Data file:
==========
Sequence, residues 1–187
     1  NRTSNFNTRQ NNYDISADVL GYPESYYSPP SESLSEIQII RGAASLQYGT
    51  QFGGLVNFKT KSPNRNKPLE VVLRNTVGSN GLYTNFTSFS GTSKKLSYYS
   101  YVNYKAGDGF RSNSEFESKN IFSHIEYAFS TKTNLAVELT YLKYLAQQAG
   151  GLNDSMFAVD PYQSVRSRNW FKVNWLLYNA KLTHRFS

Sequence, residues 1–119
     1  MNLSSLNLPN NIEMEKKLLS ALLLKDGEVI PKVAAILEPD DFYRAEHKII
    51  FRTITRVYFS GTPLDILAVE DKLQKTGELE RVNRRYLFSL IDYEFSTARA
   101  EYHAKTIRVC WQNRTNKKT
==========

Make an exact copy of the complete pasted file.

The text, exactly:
Sequence, residues 1–187
     1  NRTSNFNTRQ NNYDISADVL GYPESYYSPP SESLSEIQII RGAASLQYGT
    51  QFGGLVNFKT KSPNRNKPLE VVLRNTVGSN GLYTNFTSFS GTSKKLSYYS
   101  YVNYKAGDGF RSNSEFESKN IFSHIEYAFS TKTNLAVELT YLKYLAQQAG
   151  GLNDSMFAVD PYQSVRSRNW FKVNWLLYNA KLTHRFS

Sequence, residues 1–119
     1  MNLSSLNLPN NIEMEKKLLS ALLLKDGEVI PKVAAILEPD DFYRAEHKII
    51  FRTITRVYFS GTPLDILAVE DKLQKTGELE RVNRRYLFSL IDYEFSTARA
   101  EYHAKTIRVC WQNRTNKKT